Wood consists of carbon, oxygen, hydrogen, and a small amount of nitrogen. As a gas generator fuel, wood has several advantages. The ash content is quite low, only 0.5 to 2% (by weight), depending on the species and upon the presence of bark. Wood is free of sulphur, a contaminant that easily forms sulfuric acid which can cause corrosion damage to both the engine and the gas generator. Wood is easily ignited-a definite virtue for the operation of any gas generator unit.
The main disadvantages for wood as a fuel are its bulkiness and its moisture content. As it is a relatively light material, one cubic yard of wood produces only 500 to 600 lb of gas generator fuel. Moisture content is notoriously high in wood fuels, and it must be brought below 20% (by weight) before it can be used in a gas generator unit. By weight, the moisture in green wood runs from 25 to 60%, in air-dried wood from 12 to 15%, and in kiln-dried wood about 8%. Moisture content can be measured quite easily by carefully weighing a specimen of the wood, placing it in an oven at 220 °F for thirty minutes, reweighing the specimen, and reheating it until its weight decreases to a constant value. The original moisture content is equivalent to the weight lost.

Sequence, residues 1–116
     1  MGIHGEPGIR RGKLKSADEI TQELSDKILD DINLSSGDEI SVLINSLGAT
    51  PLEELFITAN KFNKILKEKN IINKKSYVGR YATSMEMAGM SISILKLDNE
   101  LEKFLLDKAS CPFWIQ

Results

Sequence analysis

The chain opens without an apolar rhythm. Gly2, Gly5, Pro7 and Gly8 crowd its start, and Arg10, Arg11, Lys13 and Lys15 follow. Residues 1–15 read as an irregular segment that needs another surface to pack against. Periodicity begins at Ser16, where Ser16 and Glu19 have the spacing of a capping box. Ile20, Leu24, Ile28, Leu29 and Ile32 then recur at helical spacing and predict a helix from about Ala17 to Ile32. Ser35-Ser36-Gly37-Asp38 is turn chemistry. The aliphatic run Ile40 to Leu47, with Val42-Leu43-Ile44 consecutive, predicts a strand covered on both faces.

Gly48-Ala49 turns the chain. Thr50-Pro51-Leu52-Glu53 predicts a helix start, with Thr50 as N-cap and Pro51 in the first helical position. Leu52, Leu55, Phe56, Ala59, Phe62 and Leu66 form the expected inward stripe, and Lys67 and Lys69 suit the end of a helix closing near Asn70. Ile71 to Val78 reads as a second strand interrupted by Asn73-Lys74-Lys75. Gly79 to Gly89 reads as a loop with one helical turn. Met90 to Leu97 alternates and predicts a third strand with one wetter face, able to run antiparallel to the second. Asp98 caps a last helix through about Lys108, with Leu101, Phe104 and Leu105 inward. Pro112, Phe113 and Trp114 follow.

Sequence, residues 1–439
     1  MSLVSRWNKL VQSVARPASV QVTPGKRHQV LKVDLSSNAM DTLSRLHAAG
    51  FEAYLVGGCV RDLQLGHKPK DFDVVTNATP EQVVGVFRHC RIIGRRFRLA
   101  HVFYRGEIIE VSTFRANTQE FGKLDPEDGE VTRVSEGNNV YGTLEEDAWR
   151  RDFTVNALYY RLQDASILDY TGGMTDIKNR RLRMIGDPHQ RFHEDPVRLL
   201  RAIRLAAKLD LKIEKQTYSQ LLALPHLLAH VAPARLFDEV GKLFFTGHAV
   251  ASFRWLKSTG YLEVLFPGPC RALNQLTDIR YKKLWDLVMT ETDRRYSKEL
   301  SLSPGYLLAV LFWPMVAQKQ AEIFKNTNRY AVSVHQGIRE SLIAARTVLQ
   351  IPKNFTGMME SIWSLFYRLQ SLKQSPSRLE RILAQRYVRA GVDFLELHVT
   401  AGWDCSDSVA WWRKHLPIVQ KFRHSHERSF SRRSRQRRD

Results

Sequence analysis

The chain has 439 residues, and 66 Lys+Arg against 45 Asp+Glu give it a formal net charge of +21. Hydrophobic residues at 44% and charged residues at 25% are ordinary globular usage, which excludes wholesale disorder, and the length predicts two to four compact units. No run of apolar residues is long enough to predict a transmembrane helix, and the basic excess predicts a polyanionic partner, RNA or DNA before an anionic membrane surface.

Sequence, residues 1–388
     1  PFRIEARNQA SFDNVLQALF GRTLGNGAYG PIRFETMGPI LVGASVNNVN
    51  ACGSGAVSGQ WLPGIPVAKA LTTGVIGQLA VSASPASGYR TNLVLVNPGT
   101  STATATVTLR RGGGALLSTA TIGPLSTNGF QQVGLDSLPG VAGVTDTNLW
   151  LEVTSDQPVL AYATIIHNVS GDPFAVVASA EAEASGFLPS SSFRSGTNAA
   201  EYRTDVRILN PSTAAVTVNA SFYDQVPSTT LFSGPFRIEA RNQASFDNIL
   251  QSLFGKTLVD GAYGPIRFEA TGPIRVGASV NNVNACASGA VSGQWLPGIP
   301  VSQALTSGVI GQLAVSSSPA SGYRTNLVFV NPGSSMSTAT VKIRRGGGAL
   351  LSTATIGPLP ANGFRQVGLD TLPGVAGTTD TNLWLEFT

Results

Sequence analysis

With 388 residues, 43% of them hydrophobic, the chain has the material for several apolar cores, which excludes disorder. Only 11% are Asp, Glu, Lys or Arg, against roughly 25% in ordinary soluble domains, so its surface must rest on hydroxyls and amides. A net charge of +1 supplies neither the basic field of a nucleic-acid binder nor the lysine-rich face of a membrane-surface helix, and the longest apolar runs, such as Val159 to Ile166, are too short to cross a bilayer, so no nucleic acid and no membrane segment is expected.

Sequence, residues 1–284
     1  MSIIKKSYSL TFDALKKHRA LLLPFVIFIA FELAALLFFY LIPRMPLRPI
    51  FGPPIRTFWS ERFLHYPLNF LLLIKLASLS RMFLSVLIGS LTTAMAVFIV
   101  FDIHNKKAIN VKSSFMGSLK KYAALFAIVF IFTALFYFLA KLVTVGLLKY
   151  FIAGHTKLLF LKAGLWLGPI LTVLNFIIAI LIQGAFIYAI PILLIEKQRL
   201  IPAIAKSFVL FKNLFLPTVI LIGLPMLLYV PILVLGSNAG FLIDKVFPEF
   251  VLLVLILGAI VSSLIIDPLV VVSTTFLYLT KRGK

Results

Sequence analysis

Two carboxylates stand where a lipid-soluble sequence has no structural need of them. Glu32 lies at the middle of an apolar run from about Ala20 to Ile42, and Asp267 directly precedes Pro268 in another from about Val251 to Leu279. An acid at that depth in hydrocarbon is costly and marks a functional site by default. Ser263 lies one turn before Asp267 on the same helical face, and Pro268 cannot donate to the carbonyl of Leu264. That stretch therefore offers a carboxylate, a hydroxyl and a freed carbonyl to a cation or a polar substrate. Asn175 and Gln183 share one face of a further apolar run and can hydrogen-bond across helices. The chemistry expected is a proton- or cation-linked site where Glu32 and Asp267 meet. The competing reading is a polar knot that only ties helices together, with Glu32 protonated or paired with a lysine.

The prototype unit in this manual (with an 6-in.-diam firetube) operated well on both wood chips (minimum size: 3/4 by 3/4 by 1/4 in.) and blocks (up to 2-in. cubes); see Fig. 3-1 (all figures and tables mentioned in Sect. 3 are presented at the end of Sect. 3). Larger sizes could be used, if the firetube diameter is increased to prevent bridging of the individual pieces of wood; of course, a throat restriction would then have to be added to the bottom of the firetube so as to satisfy the dimensions in Table 2-2 in Sect. 2.
3.2 SPECIAL CONSIDERATIONS AND ENGINE MODIFICATIONS
To start the fire in the gasifier, the blower must be used to create a suction airflow through the wood in the hopper and downward in the firetube. If an especially high horsepower engine is to be fueled by the gasifier unit, then it might be necessary to install two such blowers and run them simultaneously during start-up.
When the wood gas leaves the gasifier unit, all the oxygen pulled down with the air through the firctube has been chemically converted and is contained in carbon monoxide (CO) and water (H2O). The wood gas is unable to burn without being mixed with the proper amount of additional oxygen.
If an air leak develops below the grate area, the hot gas will burn while consuming the available oxygen and will create heat; this will almost certainly destroy the gasifier unit if it is not detected soon. If an air leak develops in the filter unit or in the connecting piping, the gas will become saturated with improper amounts of oxygen and will become too dilute to power the engine. Therefore, airtighthess from the gasifier unit to the engine is absolutely essential.